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Apiology

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Title: Apiology  
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Subject: Bee, Outline of agriculture, Honey bee, Entomology, Karl von Frisch, Bumblebee, William Kirby (entomologist), Warwick Estevam Kerr, Glossary of beekeeping, L. L. Langstroth
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Apiology

Apiology (from Latin apis, "bee", and Greek -λογία, -logia) is the scientific study of honey bees, a subdiscipline of melittology, which is itself a branch of entomology. Honey bees are often chosen as a study group to answer questions on the evolution of social systems.

Related terms

Melittology is the study of all bees, which comprise more than 17,000 species other than honey bees. Apicology is honey bee ecology. Apidology is a variant spelling of apiology used outside of the Western Hemisphere, primarily in Europe; it is sometimes used interchangeably with melittology.

List of notable Apiologists

  • Freiderich August Bechly (Fred Bechly), (1835-1916), was a correspondent for the American Bee Journal.
  • Charles Butler, (1560-1647), early English beekeeper and researcher.
  • Charles Dadant, (1817-1902), Modernized beekeeping.
  • Jan Dzierzon, (1811-1906), Discovered parthenogenesis among bees, proposed first sex determining mechanism for any species.
  • Savannah Foley, studies genetics and communication over long distances at the University of South Florida, leading a team investigating recent dropping numbers of honey bees.
  • Michael S. Engel, (b. 1971), studies honey bee taxonomy and paleontology at the University of Kansas.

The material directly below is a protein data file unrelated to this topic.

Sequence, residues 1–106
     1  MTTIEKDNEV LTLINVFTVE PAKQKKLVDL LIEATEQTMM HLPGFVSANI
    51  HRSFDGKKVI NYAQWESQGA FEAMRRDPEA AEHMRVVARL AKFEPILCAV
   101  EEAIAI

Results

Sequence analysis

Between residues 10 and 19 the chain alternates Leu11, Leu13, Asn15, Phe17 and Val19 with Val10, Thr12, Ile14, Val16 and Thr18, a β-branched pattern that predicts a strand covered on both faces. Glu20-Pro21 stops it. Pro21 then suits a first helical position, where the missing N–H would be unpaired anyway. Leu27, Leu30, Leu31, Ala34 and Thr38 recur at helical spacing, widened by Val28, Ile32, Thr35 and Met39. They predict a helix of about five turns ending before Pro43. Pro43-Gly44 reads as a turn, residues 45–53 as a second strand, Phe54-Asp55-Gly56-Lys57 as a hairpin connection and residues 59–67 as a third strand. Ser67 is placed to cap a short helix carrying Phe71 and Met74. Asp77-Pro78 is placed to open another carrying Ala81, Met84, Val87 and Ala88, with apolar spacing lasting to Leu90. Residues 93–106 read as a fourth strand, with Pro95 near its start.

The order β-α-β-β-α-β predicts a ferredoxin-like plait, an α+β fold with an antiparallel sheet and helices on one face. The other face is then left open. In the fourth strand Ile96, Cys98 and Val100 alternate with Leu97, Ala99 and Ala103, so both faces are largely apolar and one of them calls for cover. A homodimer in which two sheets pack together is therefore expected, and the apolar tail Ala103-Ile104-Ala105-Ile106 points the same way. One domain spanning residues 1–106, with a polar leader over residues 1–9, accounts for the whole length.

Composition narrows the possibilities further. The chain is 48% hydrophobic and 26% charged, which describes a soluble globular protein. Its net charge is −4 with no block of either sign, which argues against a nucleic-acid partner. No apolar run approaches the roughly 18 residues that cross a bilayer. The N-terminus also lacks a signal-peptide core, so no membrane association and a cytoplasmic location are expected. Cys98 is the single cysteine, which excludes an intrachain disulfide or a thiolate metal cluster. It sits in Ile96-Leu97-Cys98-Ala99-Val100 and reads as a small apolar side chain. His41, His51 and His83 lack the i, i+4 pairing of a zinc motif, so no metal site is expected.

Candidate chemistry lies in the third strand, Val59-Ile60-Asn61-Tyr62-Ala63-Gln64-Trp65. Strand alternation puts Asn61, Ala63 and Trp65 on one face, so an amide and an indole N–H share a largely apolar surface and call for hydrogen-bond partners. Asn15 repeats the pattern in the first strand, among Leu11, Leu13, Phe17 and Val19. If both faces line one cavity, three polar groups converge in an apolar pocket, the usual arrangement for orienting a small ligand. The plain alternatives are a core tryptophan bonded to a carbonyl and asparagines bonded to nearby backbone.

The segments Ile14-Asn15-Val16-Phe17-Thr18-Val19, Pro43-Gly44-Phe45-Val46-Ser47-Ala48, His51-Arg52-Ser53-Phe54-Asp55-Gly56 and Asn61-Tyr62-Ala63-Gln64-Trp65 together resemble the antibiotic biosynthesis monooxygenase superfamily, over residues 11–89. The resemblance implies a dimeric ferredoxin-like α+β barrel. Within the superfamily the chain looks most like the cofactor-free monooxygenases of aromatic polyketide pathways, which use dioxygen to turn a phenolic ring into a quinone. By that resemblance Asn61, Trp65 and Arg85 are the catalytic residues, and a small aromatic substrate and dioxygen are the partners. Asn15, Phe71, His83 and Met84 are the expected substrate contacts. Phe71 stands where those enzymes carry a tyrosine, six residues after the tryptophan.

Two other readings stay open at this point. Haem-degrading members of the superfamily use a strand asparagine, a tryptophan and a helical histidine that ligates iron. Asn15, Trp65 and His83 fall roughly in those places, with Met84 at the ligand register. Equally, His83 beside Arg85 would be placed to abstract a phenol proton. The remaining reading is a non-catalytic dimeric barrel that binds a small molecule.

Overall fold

• Karl von Frisch, (1886-1982), Nobel Prize winner, studied honey bee communication.
  • Robert A. Holekamp, (1848-1922), Early urban apiculturalist and advocate.
  • Jay Hosler, Professor at Juniata College, Author of the award-winning comic Clan Apis.
  • Karl Kehrle (aka "Brother Adam") (1898-1996), Benedictine monk, beekeeper, and an authority on bee breeding, developer of the Buckfast bee.
  • Warwick Estevam Kerr, (b. 1922), Studies genetics and sex determination in honey bees. Responsible for introduction of Africanized bees to America.
  • William Kirby, (1759-1850), Author of the first scientific treatise on English bees.
  • L. L. Langstroth, (1810-1895), Modernized American beekeeping.
  • Martin Lindauer, (1918-2008), studied communication systems in various species of social bees including stingless bees and honey bees.
  • Sir John Lubbock (the 1st Lord and Baron Avebury) (1834–1913), wrote on hymenoptera sense organs.
  • Robert E. Page, Jr., Studies population genetics and the evolution of complex social behavior at Arizona State University.[1]
  • Petro Prokopovych, (1775–1850), Ukrainian beekeeper, founder of commercial beekeeping.
  • Moses Quinby, (1810-1875), Early American commercial beekeeper. Invented modern bee smoker.
  • Gene E. Robinson, Studies mechanisms of bee-havior at the University of Illinois.[2]
  • Amos Ives Root (1839 – 1923), Innovator in honey harvesting techniques. Published first account of Wright brothers flight in his beekeeping journal.
  • Grace Sandhouse[3]
  • Justin O. Schmidt, Studies bee nutrition, chemical communication, physiology, ecology and behavior. Created Schmidt Sting Pain Index.
  • Thomas D. Seeley, Studies group organization using the honey bee as a model system at Cornell University.[4]
  • Robert Evans Snodgrass, (1875-1962), Author of one of the first comprehensive books on honey bee anatomy and physiology.
  • Stephen Taber III, (1924-2008), Innovator in the practice of artificial insemination of queen bees for the purpose of developing disease resistant and gentle bee colonies.
  • Mark Winston, Studies life history, caste structure, and reproduction in social insects and pheromones of honey bees at Simon Fraser University.[5]

See also

References


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